Immediately joining the ranks of other timeless, quintessential dark fairytales when it was published in 2002, Neil Gaiman's Coraline tells the story of an only child looking for escape from her boring new house and her boring old parents, but instead finding a nightmarish mirror-world of mortal peril spearheaded by the terrifying "other mother", an ill-intentioned version of Coraline's own mum, complete with buttons for eyes. A spine-tingling dark fantasy, which was adapted into an equally great 2009 stop-animation film.
6. The Minpins by Roald Dahl
This is a personal choice, and of course other Roald Dahl classics such as The Witches or The Twits could happily adorn this list too, but the Red Hot Smoke-Belching Gruncher - the horrible, unseeable villain of the Minpins - is single-handedly responsible for the fact that I now live exclusively in trees.
We join little Billy as he travels into the Forest of Sin behind his house, where he climbs the trees to find a society of miniature people called The Minpins hiding away from the *gulp* Red Hot Smoke-Belching Gruncher. Billy tries to help the Minpins and devises a plan to save them from the Gruncher, for which he's warmly rewarded with his very own swan to fly him on more adventures. A happy end to a terrifying trip.
7. Goosebumps, RL Stine
It's hard to know where to begin with RL Stine's 26 year-spanning 182 novella horror series Goosebumps. Described by some as a gory, kid-friendly novelised version of a Roger Corman B movie, each stand alone story usually follows a kid, or kids, dealing with some kind of tongue-in-cheek supernatural horror. The Abominable Snowman of Pasadena, One Day at HorrorLand, Say Cheese and Die! and Welcome to Camp Nightmare are just some of the series' most beloved titles.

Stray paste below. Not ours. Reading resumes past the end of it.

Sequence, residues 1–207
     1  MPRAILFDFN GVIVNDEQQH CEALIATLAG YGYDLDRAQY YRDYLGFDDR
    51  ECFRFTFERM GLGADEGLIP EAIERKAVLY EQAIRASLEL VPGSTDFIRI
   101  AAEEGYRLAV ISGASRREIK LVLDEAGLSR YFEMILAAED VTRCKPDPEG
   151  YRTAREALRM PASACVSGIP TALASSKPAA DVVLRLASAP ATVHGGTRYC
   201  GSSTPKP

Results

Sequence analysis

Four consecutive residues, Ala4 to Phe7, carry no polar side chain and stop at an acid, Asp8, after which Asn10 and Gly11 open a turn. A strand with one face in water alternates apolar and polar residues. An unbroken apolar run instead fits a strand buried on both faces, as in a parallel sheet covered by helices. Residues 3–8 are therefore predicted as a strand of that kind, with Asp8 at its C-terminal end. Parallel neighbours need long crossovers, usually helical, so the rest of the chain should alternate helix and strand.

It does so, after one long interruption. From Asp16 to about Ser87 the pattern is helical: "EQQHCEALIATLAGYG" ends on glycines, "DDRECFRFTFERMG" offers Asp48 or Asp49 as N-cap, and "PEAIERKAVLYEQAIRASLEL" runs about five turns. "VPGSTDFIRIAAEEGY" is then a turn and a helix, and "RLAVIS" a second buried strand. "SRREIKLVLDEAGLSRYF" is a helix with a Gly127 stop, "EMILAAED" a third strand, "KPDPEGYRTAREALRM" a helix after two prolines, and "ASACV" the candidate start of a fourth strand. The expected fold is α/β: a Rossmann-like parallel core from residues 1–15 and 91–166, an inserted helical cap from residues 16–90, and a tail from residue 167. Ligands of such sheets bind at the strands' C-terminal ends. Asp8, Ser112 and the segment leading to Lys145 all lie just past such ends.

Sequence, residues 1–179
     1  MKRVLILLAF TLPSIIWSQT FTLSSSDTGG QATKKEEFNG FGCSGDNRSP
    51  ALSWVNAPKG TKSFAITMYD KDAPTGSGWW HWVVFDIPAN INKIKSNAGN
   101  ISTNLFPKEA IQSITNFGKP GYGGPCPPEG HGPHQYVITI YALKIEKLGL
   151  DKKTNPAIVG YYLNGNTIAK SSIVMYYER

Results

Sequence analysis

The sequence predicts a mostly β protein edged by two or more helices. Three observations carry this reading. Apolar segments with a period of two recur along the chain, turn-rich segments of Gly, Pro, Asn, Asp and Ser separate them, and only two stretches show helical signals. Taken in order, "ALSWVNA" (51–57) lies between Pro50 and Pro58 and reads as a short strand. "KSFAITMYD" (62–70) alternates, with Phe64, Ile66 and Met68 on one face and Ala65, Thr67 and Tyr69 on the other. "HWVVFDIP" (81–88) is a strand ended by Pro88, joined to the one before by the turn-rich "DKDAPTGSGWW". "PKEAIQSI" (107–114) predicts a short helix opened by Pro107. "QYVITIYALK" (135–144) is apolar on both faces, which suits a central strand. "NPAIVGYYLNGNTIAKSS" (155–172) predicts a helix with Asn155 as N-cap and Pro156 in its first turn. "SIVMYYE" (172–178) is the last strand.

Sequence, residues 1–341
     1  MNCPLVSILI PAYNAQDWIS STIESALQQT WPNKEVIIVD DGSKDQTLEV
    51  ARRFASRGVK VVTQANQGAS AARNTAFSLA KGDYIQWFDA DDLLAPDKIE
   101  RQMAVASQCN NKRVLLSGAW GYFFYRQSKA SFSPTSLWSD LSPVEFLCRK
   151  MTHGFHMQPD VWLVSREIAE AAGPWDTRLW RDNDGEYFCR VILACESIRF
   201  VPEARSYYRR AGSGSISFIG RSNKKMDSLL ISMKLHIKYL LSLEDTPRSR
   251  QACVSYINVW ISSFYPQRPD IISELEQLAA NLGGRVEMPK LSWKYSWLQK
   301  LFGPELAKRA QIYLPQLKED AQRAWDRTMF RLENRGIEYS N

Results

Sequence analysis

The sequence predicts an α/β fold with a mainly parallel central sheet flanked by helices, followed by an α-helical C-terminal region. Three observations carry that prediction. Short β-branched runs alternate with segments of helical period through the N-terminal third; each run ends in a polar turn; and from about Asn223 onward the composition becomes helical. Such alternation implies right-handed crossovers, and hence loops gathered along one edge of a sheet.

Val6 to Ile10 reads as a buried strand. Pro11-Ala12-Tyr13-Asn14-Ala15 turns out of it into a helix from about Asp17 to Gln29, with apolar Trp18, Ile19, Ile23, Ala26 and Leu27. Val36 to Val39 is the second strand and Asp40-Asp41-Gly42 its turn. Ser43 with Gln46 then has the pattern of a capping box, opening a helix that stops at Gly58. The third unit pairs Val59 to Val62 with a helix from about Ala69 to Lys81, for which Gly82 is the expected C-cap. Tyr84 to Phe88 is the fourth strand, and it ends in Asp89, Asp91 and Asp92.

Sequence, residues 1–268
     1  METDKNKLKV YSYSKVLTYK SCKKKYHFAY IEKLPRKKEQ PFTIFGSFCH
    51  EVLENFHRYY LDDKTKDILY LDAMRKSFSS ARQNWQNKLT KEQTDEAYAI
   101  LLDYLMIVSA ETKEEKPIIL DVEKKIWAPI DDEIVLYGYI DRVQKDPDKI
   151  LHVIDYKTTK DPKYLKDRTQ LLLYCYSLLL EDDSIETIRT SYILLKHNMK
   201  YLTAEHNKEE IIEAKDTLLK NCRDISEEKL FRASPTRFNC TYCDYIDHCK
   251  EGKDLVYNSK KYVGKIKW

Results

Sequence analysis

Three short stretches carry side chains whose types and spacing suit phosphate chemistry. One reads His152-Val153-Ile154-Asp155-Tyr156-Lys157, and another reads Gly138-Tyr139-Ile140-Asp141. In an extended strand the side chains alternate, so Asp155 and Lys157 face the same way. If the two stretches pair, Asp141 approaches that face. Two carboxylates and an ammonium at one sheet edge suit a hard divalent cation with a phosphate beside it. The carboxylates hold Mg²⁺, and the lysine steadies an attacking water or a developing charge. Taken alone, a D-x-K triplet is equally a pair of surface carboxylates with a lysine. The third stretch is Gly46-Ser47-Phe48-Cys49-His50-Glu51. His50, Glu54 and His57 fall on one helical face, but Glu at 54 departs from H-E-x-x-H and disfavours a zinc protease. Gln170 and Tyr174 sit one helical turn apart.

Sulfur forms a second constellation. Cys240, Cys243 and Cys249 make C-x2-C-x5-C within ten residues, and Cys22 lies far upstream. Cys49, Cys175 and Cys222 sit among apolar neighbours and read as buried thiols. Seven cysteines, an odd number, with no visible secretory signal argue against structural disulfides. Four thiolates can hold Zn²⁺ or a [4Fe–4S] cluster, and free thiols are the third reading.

For those not quite at the required reading level for Goosebumps, fear not! This year's Jack Black-starring film inspired by the books is actually quite good too.
8. A Monster Calls, Patrick Ness
A haunting low fantasy tale about a boy struggling to cope with his mother's terminal cancer, who is visited nightly by a strange monster with stories to tell, A Monster Calls was originally conceived by cancer sufferer Siobhan Dowd, who tragically died before she could write the story herself. Patrick Ness, writer and friend of Dowd's (Ness actually shared the same editor as Siobhan), went on to write the book, which poignantly deals with themes of death, grief and isolation.
9. Outside Over There, Maurice Sendak
Couldn't resist another Maurice Sendak entry, sorry.
Ida has been taking care of her baby sister while her father is away at sea. One night while Ida plays her horn to help the baby sleep, a pair of creepy little goblins sneak in through the open window and kidnap the baby, replacing her with a changeling made of ice (yes, Ida must have really been in the zone with her horn to miss that). When Ida realises this, she channels her inner Liam Neeson and sets off to get her sister back.
Aside from being a wonderful and typically dark piece of Sendak storytelling, the goblins of Outside Over There are absolute nightmare fuel. Just look at this for proof-
10. The Watcher in the Woods by Florence Engel Randall
Fifteen year old Jan and seven year old Ellie move with their parents to a big, isolated house in the Massachusetts countryside, against their better instincts. There is nothing ostensibly wrong with the new house per se, in fact it's pretty perfect, but Jan is nevertheless ill at ease there. She feels the sinister presence of a "watcher" outside the house (in the woods, no less), while Ellie can hear it... and then the sinister clues begin appearing, beginning with broken mirrors, each with an "X" across the middle, and growing steadily more sinister...
An interesting fact for Hammer fans: the 1980 adaptation of the novel is written by none other than Captain Kronos creator Brian Clemens!